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Meniscus Injury

Clinical Overview

Reviewed by Dr. Jack Farr

A meniscus is one of two half-moon shaped discs of specialized cartilage lying between the femur and tibia with more secure attachment to the tibia. The two menisci (lateral, or outside, and medial, or inside), serve several functions. These functions include: adding in joint lubrication, articular cartilage nutrition, stability and distribution of forces between the femur and tibia.

The meniscus may be injured when the knee is bent or twisted while bearing weight. Meniscal injury or degeneration can also be a result of overuse over time. For example, repetitive squatting or kneeling can cause meniscal wear and make it more likely to tear. Meniscal tears often accompany tears of the ligaments within the knee, most frequently the Anterior Cruciate Ligament.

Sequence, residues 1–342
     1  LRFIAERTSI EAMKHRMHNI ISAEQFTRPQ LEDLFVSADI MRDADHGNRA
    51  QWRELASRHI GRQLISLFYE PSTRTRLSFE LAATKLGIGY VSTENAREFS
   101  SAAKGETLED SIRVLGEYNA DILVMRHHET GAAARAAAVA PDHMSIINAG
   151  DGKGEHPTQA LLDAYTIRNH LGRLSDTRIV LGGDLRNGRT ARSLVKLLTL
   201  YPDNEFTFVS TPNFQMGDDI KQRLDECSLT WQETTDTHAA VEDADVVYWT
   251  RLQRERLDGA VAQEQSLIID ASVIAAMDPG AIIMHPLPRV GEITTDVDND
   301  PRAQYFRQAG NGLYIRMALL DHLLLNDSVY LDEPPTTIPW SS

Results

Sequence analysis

Causes

  • Injury
  • Overuse
  • Degeneration with Aging

Risk Factors

  • Occupation that stresses joints (carpenter, plumber, construction worker)
  • Pivoting sports like basketball, skiing, football, and soccer
  • Aging

Last updated: Aug-27-07

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